This "liqueur of health" was distributed into small villages in the area. People were so fond of it that they drank it as a beverage, rather than taking it as medicine. Realizing this, the monks made a milder beverage, which we know today as "Green Chartreuse". In 1838, the distillers developed a sweeter and milder form of the original recipe. Since it was no longer a vivid green, this new liqueur was identified as, and is known today as, "Yellow Chartreuse". Presently, only two monks have been entrusted by the Order with the production secrets of these unique spirits.
While most of the spirits are bottled right after production, small portions are kept aside and subjected to long periods of aging in oak casks, allowing them to reach exceptional quality. The resulting liqueurs are known as Chartreuse Green V.E.P. and Chartreuse Yellow V.E.P. They are produced in a very limited quantity with a wax-sealed cork, a back label wax-stamped with the Chartreuse seal, and presented in a wooden box marked with a branding iron. Every bottle is identified by it's own number.
So whether you enjoy Chartreuse in a cocktail or prefer to sip the V.E.P., hopefully this history will help you savour it just a little bit more.
Cheers from DrinkUpNY!
Monday, January 3, 2011
We hope you all had a wonderful holiday season and are enjoying the New Year!
For most of us, the past month has been filled with shopping, spending, tipping, and gifting, which can leave your wallet looking a bit empty by the New Year. We feel your pain, and DrinkUpNY is here to help! Not only will we be offering sales and price reductions in the near future, but you can continue to celebrate the season right now with our wide selection of affordable wines and spirits!
These are just a few of our high quality winter spirits that won't break the bank:
Castarede "Selection" Armagnac
Harvest Spirits "Cornelius" Applejack
Bache-Gabrielsen Classic VSOP Cognac
Montenegro Amaro Liqueur
Averell Damson Gin Liqueur
Combier "Royal Combier" Grande Liqueur
Suntory "Yamazaki" 12 Year Old Single Malt Japanese Whisky
AnCnoc 12 Year Old Highland Single Malt Scotch Whisky
Finger Lakes Distilling Company "McKenzie" Bourbon Whiskey
Clear Creek "Eau de Vie de Pomme" 8 Year Old Barrel-Aged Apple Brandy
American Fruits Black Currant Brandy
Bertagnolli "Grappino Bianco" Grappa
Vecchio Amaro del Capo Liqueur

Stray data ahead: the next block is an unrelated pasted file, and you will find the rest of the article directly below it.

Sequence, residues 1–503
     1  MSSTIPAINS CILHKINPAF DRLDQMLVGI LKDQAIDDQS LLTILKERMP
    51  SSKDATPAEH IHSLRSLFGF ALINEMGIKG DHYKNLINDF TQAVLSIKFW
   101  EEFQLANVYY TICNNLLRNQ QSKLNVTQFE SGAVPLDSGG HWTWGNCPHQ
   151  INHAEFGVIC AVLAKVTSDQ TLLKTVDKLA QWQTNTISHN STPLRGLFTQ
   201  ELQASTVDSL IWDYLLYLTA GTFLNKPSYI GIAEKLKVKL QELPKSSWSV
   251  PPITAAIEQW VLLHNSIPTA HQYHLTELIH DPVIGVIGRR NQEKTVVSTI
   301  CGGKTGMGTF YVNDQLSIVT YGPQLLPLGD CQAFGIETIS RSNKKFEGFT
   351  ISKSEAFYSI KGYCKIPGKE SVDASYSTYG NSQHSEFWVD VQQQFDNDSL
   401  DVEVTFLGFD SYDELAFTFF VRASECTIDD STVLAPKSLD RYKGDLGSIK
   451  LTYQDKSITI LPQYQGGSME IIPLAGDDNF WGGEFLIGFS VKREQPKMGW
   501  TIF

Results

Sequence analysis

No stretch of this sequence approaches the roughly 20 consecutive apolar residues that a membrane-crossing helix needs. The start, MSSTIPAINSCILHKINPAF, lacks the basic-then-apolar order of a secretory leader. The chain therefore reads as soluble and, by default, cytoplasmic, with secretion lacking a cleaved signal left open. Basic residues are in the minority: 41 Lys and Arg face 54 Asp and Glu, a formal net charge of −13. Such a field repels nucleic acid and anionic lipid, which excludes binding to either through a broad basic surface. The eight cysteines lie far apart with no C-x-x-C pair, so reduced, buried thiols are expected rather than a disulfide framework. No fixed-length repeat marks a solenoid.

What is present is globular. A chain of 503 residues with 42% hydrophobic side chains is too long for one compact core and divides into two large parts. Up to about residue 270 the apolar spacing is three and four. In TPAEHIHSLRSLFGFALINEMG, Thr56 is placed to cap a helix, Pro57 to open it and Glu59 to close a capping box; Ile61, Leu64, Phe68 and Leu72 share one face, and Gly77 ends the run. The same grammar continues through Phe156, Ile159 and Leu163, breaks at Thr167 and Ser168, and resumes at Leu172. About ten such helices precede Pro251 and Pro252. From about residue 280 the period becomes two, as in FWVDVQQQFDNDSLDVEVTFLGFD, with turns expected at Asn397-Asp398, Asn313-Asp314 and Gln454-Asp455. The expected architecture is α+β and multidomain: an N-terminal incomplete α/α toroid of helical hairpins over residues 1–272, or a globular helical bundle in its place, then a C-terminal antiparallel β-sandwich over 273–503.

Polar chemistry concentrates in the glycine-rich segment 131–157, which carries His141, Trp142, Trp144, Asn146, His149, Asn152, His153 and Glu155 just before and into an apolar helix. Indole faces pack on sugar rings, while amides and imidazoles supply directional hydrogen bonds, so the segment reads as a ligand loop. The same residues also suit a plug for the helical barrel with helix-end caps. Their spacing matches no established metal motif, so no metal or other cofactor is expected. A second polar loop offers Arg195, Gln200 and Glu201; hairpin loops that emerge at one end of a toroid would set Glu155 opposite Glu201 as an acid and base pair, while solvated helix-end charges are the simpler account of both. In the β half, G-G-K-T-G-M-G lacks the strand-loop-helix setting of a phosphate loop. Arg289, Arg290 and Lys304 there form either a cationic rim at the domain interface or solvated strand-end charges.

Meletti Anisette Liqueur
Voyant Chai Cream Liquor
Black Bottle Blended Scotch Whisky
John L. Sullivan Blended Irish Whiskey
Old Whiskey River Kentucky Straight Bourbon Whiskey
Don't worry, we didn't forget about all you wine lovers out there! We've selected a variety of delicious, affordable wines priced under $15.00 that are perfect for weeknight meals and casual gatherings. While the winter months are usually all about rich, flavorful reds, we've also added dessert wines and food-friendly white wines to our list to satisfy every palate!
La Source Vin de Pays d'Oc Cabernet Sauvignon (Languedoc-Rousillon, France)
Michael Pozzan "Reserve" Cabernet Sauvignon (Sonoma, California)
Raphael Cabernet Franc (North Fork of Long Island, New York)
Sunset Rd. Vintners "Independent Producers" Merlot (Columbia Valley, Washington State)
R Winery "Strong Arms" Shiraz (South Australia, Australia)
The Pinot Project Pinot Noir (California)
Di Majo Norante Terre degli Osci Sangiovese (Molise, Italy)
Step Rd. Winery "Black Wing" Padthaway Chardonnay (South Australia, Australia)
Setzer Gruner Veltliner (Weinvertel, Austria)
Schloss Walhausen "Two Princes" Riesling (Nahe, Germany)
Old Plains Wine "Funhouse" Pinot Grigio (South Eastern Australia, Australia)
Ferreira Tawny Port NV (Douro Valley, Portugal)
Alvear's Cream Montilla-Moriles NV (Andalusia, Spain)
Browse our extensive selection of fine wines and spirits by price to find something within your budget. While sometimes it's really worth spending the money for top-shelf items, it's usually more of a thrill to find a real value, and luckily, we're here to sift through lots of less-than-inspiring drinks to find fantastic value alternatives for you!